John Lanchbery, one of ballet’s most sought-after conductor-arrangers, died Feb. 26 of cancer at a hospital in Melbourne, Australia. He was 79 and lived in Melbourne.
Lanchbery was long associated with American Ballet Theater, where he was musical director 1978-80. ABT used his arrangements or orchestrations for 14 productions between 1962 and 2002, including Natalia Makarova’s lavish staging of the 19th-century classic “La Bayadere” in 1980.
He was equally known for his collaborations with Britain’s Royal Ballet and its principal choreographer, Frederick Ashton. He contributed a bubbly score, compiled from numerous historical sources, for Ashton’s 1961 popular reworking of “La Fille Mal Gardee,” a much-imitated balletic comedy of 1789.
He also was a successful composer and arranger for films, notably multiple-Oscar nominee “The Turning Point” (1977), featuring dancers from ABT, and “The Tales of Beatrix Potter” (’71), with choreography by Ashton.
Lanchbery arranged two other major Ashton creations, adapting Mendelssohn for “The Dream” (1964) and Chopin for “A Month in the Country” (1976). He additionally worked at the Royal Ballet with choreographer Kenneth MacMillan, particularly on “Mayerling” (1978), arranged on Liszt.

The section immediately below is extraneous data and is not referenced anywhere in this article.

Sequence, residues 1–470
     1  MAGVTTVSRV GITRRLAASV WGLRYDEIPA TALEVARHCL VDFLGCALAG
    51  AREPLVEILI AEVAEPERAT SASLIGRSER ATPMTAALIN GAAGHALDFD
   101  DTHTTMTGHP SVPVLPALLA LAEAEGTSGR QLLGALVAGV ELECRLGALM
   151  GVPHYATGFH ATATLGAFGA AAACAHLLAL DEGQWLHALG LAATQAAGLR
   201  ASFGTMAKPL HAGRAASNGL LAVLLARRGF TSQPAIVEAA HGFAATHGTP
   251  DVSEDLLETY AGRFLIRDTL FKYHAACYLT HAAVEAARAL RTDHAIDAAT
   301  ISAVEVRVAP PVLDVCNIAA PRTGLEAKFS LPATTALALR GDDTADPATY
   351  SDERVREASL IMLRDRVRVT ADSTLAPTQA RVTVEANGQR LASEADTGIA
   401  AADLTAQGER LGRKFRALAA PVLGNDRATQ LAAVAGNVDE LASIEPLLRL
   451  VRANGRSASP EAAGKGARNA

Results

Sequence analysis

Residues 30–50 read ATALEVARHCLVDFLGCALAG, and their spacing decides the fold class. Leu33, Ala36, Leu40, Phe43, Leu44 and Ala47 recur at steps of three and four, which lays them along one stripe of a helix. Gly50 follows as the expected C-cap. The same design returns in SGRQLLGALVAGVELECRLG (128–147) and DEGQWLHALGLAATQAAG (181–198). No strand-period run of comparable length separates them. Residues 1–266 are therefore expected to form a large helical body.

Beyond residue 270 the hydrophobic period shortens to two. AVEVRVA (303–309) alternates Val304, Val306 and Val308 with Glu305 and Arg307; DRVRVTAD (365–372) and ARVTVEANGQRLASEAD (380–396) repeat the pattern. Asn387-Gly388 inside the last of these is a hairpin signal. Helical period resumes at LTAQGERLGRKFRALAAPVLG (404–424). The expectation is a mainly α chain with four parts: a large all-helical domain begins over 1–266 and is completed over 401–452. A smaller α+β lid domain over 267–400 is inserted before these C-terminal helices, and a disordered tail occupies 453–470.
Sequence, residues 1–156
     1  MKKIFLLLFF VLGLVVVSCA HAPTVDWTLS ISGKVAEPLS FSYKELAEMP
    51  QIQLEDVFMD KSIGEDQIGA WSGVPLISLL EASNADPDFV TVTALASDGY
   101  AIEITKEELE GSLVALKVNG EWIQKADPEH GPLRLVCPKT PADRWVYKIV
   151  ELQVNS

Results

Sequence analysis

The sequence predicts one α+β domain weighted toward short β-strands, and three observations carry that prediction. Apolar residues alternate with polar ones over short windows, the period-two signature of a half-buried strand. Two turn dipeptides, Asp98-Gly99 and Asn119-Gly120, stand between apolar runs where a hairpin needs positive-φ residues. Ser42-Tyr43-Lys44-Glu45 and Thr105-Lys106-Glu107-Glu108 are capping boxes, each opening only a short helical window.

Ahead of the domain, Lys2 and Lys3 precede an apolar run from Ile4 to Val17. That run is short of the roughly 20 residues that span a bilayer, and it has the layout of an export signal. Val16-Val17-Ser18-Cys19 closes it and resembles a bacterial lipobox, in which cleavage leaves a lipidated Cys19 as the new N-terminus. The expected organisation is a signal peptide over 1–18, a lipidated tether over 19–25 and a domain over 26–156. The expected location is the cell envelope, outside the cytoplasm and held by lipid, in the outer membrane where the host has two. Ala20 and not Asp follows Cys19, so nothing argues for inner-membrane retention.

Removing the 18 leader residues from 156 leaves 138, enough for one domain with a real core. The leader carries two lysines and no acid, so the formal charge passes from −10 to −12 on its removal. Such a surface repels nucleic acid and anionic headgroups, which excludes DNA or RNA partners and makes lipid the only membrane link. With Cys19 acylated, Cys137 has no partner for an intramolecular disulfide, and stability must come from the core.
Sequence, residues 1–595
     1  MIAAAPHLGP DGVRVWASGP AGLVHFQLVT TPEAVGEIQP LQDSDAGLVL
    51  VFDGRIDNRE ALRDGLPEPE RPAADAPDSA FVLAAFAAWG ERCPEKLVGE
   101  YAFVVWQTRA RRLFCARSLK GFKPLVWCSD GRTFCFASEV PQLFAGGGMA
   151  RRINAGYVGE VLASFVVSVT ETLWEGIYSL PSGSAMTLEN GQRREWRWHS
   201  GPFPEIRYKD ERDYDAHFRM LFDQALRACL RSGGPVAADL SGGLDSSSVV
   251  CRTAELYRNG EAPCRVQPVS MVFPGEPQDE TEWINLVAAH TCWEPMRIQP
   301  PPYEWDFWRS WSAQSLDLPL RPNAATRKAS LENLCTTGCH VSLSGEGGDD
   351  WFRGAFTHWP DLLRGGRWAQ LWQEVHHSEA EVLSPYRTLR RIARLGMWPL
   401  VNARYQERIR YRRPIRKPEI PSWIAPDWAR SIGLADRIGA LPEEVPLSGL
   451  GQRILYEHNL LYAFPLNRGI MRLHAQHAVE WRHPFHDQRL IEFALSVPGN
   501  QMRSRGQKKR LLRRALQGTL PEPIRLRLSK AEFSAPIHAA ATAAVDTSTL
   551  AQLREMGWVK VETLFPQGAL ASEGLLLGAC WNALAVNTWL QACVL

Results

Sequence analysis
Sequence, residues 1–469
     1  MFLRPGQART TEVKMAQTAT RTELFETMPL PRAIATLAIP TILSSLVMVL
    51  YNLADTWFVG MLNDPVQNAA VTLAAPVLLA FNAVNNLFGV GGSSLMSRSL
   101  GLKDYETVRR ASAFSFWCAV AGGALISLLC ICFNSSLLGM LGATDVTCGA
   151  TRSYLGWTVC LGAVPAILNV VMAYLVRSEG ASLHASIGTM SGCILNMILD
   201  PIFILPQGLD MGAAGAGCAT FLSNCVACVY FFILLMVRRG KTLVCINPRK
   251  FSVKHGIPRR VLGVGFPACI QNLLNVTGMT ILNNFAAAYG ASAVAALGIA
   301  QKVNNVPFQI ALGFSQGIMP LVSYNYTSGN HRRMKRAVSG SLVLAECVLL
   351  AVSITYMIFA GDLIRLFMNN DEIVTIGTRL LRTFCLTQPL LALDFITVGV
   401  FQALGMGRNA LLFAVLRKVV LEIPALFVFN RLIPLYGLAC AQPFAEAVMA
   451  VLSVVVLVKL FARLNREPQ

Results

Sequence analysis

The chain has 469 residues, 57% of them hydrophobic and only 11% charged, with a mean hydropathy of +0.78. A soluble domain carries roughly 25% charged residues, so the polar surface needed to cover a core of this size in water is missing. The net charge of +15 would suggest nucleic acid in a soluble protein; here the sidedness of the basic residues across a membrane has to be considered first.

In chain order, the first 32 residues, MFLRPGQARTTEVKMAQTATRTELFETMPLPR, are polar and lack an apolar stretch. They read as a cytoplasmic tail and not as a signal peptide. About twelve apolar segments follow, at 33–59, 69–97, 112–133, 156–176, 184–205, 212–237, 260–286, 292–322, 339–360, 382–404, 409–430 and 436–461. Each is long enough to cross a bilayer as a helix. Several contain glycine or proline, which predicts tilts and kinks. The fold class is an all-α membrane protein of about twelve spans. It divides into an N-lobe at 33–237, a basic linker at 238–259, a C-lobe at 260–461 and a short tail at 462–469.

London native trained at the Royal Acad of Music, served in the Royal Armored Corps during WWII, then became conductor of the Metropolitan Ballet in Britain, followed by work with Sadler’s Wells Theater Ballet in 1951 and on to the Royal Ballet as its principal conductor 1960-72.
He was music director of Australian Ballet 1972-78, including an arrangement of Lehar for Ronald Hynd’s “The Merry Widow” (1975). Other stints included conducted or arranging for other orgs around the world..
Kudos include the Bolshoi Medal, QEII Coronation Award and the Order of the British Empire.
Divorced from ballerina Elaine Fifield (who died in 1999), he is survived by their daughter Margaret and his companion Thomas Han.